The prevalence of couple infertility in the United States from a male perspective: evidence from a nationally representative sample

Authors

  • J. F. Louis,

    1. Division of Epidemiology, Statistics, and Prevention Research, Eunice Kennedy Shriver National Institute of Child Health and Human Development, National Institutes of Health, Rockville, MD, USA
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  • M. E. Thoma,

    1. Division of Epidemiology, Statistics, and Prevention Research, Eunice Kennedy Shriver National Institute of Child Health and Human Development, National Institutes of Health, Rockville, MD, USA
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  • D. N. Sørensen,

    1. Department of Biostatistics, University of Copenhagen, Copenhagen, Denmark
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  • A. C. McLain,

    1. Department of Epidemiology and Biostatistics, University of South Carolina, Columbia, SC, USA
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  • R. B. King,

    1. Population Dynamics Branch, Eunice Kennedy Shriver National Institute of Child Health and Human Development, National Institutes of Health, Rockville, MD, USA
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  • R. Sundaram,

    1. Division of Epidemiology, Statistics, and Prevention Research, Eunice Kennedy Shriver National Institute of Child Health and Human Development, National Institutes of Health, Rockville, MD, USA
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  • N. Keiding,

    1. Department of Biostatistics, University of Copenhagen, Copenhagen, Denmark
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  • G. M. Buck Louis

    Corresponding author
    • Division of Epidemiology, Statistics, and Prevention Research, Eunice Kennedy Shriver National Institute of Child Health and Human Development, National Institutes of Health, Rockville, MD, USA
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Correspondence:

Germaine M. Buck Louis, Division of Epidemiology, Statistics, and Prevention Research, Eunice Kennedy Shriver National Institute of Child Health and Human Development, National Institutes of Health, 6100 Executive Blvd. Room 7B03, Bethesda, MD 20892-7510, USA. E-mail: louisg@mail.nih.gov

Summary

Infertility is a couple-based fecundity impairment, although population level research is largely based upon information reported by female partners. Of the few studies focusing on male partners, most focus on the utilization of infertility services rather than efforts to estimate the prevalence and determinants of infertility as reported by male partners. Data from a nationally representative sample of men aged 15–44 years who participated in the 2002 National Survey of Family Growth (NSFG) were used to estimate the prevalence of infertility and determinants of longer time-to-pregnancy (TTP) using the novel current duration (CD) approach. Using backward recurrence time parametric survival methods, we estimated infertility prevalence (TTP > 12 months) and time ratios (TR) associated with TTP as derived from males' reported CD of their pregnancy attempt. The estimated prevalence of infertility was 12.0% (95% CI: 7.0, 23.2). Longer TTP was associated with older male age (35–45 vs. 17–24 years) (TR: 2.49; 95% CI: 1.03, 6.03), biological childlessness (TR: 1.53; 95% CI: 1.07, 2.19) and lack of health insurance (TR: 1.73; 95% CI: 1.02, 2.94) after controlling for the differences in couples' age and other socioeconomic factors. The prevalence of infertility based on male reporting is consistent with estimates of infertility in the US found in prospective cohort studies and CD studies based on female reporting. Our findings suggest that male partners can reliably inform about couple infertility. Interventions and services aimed at reducing couple infertility should include attention to male factors associated with longer TTP identified in this study.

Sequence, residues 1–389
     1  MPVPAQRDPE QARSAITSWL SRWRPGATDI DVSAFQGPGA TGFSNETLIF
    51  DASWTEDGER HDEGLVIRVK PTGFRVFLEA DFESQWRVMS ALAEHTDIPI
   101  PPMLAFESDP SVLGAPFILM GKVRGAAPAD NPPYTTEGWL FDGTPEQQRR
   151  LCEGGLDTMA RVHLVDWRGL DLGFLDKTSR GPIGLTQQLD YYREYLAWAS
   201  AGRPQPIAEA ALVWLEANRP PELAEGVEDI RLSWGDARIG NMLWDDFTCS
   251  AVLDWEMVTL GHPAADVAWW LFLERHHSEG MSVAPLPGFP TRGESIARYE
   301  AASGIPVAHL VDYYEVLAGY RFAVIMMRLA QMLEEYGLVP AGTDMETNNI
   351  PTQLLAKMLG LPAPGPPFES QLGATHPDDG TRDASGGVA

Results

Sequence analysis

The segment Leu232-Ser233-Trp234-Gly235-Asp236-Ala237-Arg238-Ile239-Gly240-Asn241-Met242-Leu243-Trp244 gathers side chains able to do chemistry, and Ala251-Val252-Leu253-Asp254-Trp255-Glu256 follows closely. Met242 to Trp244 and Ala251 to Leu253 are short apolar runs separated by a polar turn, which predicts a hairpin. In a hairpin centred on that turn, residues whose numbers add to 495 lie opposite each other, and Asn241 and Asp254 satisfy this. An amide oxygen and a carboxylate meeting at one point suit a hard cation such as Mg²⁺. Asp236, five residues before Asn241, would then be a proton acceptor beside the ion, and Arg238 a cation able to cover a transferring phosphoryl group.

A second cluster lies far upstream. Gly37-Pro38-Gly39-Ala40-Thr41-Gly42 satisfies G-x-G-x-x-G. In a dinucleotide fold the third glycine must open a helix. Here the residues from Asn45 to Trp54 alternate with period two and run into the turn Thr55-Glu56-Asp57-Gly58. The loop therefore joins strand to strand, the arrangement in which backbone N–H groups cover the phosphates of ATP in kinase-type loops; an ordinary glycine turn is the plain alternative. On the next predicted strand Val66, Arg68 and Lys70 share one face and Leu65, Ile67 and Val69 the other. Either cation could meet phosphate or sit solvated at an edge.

Introduction

Infertility is defined as the inability of couples to conceive a clinical pregnancy after 12 months or more of unprotected intercourse (Practice Committee of the American Society for Reproductive Medicine, 2013). Beyond just pregnancy or its absence, infertility has significant public health consequences, including psychological distress (Bak et al., 2012), social stigmatization (Slade et al., 2007), economic constraints (Wu et al., 2013) and later onset adult diseases in both men and women (Jensen et al., 2009; Merritt et al., 2013) . Male factors are estimated to account for approximately 20% of couple infertility with another 30–40% presenting with reproductive abnormalities in both partners (Thonneau et al., 1991; Anderson et al., 2009). In particular, men with a history of infertility or poor semen quality are more likely to be at increased risk of testicular cancer (Baker et al., 2005; Jorgensen et al., 2011; Rives et al., 2012) and a shorter life expectancy (Jensen et al., 2009). In addition, generational effects are reported to be associated with poorer semen quality. For example, boys born with hypospadias were reported to have fathers with poorer semen quality relative to unaffected boys (Asklund et al., 2007). Despite the contribution and consequences of infertility for men, our population-based understanding of infertility is often limited to a female perspective.